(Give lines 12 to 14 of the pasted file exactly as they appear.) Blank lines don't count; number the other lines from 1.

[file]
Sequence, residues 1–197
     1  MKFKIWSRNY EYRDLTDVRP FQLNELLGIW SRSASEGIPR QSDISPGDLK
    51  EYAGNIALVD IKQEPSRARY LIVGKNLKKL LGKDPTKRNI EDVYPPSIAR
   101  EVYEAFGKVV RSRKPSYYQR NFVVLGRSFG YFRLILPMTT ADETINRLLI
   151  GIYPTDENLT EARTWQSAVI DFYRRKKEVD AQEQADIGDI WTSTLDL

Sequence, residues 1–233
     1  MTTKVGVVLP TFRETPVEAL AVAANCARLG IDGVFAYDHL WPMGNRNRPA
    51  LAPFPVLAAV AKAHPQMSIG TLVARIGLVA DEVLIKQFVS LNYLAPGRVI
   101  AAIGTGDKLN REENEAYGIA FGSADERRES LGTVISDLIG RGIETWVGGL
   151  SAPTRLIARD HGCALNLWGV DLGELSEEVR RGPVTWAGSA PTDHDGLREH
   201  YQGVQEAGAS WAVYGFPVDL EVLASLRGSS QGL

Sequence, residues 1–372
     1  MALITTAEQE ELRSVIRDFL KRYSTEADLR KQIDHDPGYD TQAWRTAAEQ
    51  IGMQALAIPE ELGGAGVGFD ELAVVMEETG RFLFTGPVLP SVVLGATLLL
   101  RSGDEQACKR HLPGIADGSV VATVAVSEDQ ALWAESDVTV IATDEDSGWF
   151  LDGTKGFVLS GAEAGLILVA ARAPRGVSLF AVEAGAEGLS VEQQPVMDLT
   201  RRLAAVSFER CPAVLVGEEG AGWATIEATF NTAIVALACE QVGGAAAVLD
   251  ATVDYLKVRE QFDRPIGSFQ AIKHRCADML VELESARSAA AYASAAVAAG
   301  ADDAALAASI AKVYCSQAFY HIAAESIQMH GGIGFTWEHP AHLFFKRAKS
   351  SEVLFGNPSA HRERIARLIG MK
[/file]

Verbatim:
Sequence, residues 1–372
     1  MALITTAEQE ELRSVIRDFL KRYSTEADLR KQIDHDPGYD TQAWRTAAEQ
    51  IGMQALAIPE ELGGAGVGFD ELAVVMEETG RFLFTGPVLP SVVLGATLLL